Monkshood- Deadly Blue Beauty

Monkshood in the garden
Monkshood in the garden

True Blue

On the constant search for the perfect azure blue perennial, Monkshood is always near the top of my list with its intense indigo blue color that seems to glow in the autumn garden. Shooting up 4 feet high in the fall, the flower has unique blue ‘hoodies’ arranged down the stem.  It also happens to be one of the most toxic plants known to man. According to Wikipedia:

Aconitum, also known as “the queen of poisons“, aconite, monkshood, wolf’s bane, leopard’s bane, women’s bane, devil’s helmet or blue rocket, is a genus of over 250 species of flowering plants belonging to the family Ranunculaceae.

Monkshood in a perennial border
Monkshood in a perennial border

History

This plant has a long storied history. Going back to medieval times, it was used in medicinal gardens and even further back, Romans used it to poison wolves, thus one of the common names- wolf’s bane. Native Americans used the poison to arm their arrows when hunting game.  On the flip side, the plant has also graced English cottage gardens for centuries, becoming a stalwart fall performer. Because it is extremely poisonous, deer give it a wide berth, and I have never found any evidence of deer browsing.

Monkshood
Monkshood

Culture

Here in Maryland, the plant starts to bloom in late September and continue until a killing frost much later in the fall. The stately spires of hooded blue blooms resemble delphiniums, but are much easier to grow and longer lasting. Hardy as far north as zone 3, this is a tough plant that is hard to kill.

Monkshood with yellow twig dogwood in the fall
Monkshood with yellow twig dogwood in the fall

Monkshood flowers come in a veritable rainbow of blues; indigo blue, icy blue, lavender blue, and deepest purple-blue blooms in clusters at the top of stems. There are even some cultivars that come in white, pink, yellow,  and bi-colors, but I much prefer the indigo blue, Aconitum carmichaelii ‘Arendisii’ that populates my garden. I dug up mine from an older garden, finding that the root is a fleshy tuber that reminded me of bearded iris. Planted just a couple of inches deep in the soil, the plant sends up a four foot high plant of leathery glossy leaves that can flop if they are not staked or supported by surrounding neighbors. The foliage is a handsome addition to your summertime perennial border.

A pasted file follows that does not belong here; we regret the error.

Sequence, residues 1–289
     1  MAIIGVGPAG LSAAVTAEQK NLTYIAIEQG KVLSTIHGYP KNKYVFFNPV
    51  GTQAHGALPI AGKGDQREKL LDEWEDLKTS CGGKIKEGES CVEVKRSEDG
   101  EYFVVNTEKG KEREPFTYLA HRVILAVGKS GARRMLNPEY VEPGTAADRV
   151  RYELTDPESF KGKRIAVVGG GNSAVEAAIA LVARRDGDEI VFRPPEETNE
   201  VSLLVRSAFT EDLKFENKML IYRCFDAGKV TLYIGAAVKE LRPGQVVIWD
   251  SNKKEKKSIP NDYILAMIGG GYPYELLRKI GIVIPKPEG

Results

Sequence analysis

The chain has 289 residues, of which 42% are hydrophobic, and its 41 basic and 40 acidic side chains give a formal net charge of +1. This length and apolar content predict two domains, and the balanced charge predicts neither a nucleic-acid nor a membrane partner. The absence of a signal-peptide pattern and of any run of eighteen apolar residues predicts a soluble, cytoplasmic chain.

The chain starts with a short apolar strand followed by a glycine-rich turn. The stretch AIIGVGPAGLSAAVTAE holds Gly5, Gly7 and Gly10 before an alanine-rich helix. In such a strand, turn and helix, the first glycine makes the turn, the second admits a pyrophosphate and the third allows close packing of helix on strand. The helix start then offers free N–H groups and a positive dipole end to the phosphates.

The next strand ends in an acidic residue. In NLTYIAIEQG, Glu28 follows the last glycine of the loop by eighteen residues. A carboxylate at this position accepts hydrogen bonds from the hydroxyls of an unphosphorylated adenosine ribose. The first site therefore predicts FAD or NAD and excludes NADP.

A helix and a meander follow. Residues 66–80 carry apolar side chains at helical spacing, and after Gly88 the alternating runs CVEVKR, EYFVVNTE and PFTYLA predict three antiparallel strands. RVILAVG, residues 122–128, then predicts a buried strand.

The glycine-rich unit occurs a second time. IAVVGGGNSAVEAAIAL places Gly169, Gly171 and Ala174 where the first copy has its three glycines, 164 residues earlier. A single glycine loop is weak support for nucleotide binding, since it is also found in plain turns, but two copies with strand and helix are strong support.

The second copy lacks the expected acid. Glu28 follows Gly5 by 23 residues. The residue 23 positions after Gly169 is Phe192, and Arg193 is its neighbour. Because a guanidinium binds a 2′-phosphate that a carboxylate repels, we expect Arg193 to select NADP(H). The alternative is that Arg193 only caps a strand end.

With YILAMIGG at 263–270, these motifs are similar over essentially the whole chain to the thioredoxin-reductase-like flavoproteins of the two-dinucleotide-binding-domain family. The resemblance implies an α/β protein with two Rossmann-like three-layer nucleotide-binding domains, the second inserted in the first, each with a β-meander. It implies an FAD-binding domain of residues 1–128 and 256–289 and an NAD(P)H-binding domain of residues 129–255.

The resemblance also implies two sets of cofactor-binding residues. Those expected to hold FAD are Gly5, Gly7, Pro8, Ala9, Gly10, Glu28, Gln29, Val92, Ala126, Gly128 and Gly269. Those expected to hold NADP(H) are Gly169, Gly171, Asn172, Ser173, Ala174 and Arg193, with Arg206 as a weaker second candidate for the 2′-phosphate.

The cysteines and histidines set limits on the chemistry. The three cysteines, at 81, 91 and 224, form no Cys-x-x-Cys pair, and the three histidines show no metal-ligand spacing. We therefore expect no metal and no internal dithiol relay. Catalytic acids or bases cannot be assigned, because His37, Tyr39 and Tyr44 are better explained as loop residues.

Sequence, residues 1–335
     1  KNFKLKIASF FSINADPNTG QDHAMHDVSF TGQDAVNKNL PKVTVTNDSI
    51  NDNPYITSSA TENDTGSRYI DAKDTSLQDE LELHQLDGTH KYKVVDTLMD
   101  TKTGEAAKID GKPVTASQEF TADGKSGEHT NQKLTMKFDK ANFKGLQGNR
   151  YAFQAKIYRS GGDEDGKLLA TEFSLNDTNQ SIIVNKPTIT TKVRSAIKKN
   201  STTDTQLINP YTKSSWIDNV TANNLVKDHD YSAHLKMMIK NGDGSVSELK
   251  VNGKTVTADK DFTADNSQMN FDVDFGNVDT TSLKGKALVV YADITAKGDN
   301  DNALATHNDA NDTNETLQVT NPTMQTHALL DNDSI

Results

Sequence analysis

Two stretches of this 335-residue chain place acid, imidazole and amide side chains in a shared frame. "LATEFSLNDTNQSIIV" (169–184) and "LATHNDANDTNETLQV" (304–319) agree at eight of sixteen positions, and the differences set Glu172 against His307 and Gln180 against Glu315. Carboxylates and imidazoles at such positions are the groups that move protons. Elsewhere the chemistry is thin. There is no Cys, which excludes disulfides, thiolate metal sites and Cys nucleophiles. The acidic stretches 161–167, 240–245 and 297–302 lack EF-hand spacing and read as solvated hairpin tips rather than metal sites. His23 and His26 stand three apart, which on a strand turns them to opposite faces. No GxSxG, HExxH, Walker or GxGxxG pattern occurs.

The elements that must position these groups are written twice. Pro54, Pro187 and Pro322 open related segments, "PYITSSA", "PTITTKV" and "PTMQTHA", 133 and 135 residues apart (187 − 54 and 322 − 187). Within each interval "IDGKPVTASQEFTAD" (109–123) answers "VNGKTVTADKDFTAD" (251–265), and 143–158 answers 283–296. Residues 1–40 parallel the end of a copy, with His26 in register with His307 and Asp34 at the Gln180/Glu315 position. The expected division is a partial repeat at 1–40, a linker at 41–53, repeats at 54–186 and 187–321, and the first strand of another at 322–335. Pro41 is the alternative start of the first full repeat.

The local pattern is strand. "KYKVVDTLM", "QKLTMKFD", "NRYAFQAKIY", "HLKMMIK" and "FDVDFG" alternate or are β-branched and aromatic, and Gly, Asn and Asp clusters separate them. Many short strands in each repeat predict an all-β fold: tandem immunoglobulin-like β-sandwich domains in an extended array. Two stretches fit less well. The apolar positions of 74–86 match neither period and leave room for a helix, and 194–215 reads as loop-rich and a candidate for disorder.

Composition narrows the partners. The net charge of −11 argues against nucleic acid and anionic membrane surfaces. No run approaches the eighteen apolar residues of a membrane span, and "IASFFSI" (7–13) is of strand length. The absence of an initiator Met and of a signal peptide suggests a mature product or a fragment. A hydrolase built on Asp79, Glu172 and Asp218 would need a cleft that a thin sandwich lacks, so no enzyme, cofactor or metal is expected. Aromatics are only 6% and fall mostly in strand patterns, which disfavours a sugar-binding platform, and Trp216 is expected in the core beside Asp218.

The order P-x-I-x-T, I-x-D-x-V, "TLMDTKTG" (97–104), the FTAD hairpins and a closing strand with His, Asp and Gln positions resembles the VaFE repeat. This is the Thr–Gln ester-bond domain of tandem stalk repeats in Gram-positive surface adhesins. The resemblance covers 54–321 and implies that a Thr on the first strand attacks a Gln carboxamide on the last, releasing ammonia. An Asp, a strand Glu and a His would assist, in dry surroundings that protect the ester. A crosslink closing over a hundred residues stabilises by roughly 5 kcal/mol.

Northern Blue Monkshood (Aconitum noveboracense)

Monkshood in arrangement
Monkshood in arrangement
Picture courtesy of Colleen Miko at Verdure
Aconitum 'Bressingham Spire'
Aconitum ‘Bressingham Spire’ (Photo credit: Kew on Flickr)

A prime spot for situating these vivid blue spikes is at the base of Japanese maples, witch hazels, fothergillias, or any showy fall foliage, to provide a colorful contrasting backdrop.

Caution

A word of caution is in order, for all parts of monkshood are considered poisonous. Be sure to wear gloves when handling the plant and keep it away from children and pets who might be prone to consuming plants.  Many plants in our gardens are poisonous, such as Datura, Castor Bean, and Digitalis, so Monkshood is not unique in this regard. Treat all plants with caution unless you are sure something is benign.

aconitum
aconitum (Photo credit: Shotaku)

Place Monkshood at the edge of woods in dappled shade or part sun with medium moisture and they will reward you for years to come.

Monkshood growing up through Kousa Dogwood
Monkshood growing up through Kousa Dogwood
Monkshood with Honorine Jobert Anemone
Monkshood with Honorine Jobert Anemone

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